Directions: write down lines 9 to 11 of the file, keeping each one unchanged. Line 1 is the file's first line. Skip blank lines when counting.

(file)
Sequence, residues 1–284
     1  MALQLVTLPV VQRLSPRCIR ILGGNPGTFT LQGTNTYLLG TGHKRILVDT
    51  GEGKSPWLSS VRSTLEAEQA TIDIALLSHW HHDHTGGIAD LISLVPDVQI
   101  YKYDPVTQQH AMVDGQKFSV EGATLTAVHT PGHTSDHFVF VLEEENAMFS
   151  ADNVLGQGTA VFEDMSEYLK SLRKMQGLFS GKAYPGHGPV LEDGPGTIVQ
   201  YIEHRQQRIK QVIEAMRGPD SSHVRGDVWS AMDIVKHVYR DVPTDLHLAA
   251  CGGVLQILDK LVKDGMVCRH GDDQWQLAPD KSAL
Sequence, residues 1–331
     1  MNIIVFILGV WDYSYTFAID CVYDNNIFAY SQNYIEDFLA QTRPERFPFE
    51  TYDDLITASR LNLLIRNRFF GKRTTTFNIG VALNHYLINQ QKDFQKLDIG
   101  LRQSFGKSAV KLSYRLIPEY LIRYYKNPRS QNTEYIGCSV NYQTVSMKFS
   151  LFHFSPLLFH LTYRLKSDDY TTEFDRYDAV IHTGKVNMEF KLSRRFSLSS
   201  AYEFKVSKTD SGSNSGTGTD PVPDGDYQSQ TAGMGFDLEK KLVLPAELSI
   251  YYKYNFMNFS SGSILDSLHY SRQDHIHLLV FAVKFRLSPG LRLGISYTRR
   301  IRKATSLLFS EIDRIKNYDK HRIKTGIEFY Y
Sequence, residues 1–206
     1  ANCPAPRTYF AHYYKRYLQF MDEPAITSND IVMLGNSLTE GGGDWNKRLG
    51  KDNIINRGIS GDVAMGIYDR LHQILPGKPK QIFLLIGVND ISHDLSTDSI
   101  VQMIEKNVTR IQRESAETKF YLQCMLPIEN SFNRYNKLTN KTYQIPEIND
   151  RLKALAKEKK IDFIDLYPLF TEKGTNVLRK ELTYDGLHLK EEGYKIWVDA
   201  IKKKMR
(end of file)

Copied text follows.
     1  MNIIVFILGV WDYSYTFAID CVYDNNIFAY SQNYIEDFLA QTRPERFPFE
    51  TYDDLITASR LNLLIRNRFF GKRTTTFNIG VALNHYLINQ QKDFQKLDIG
   101  LRQSFGKSAV KLSYRLIPEY LIRYYKNPRS QNTEYIGCSV NYQTVSMKFS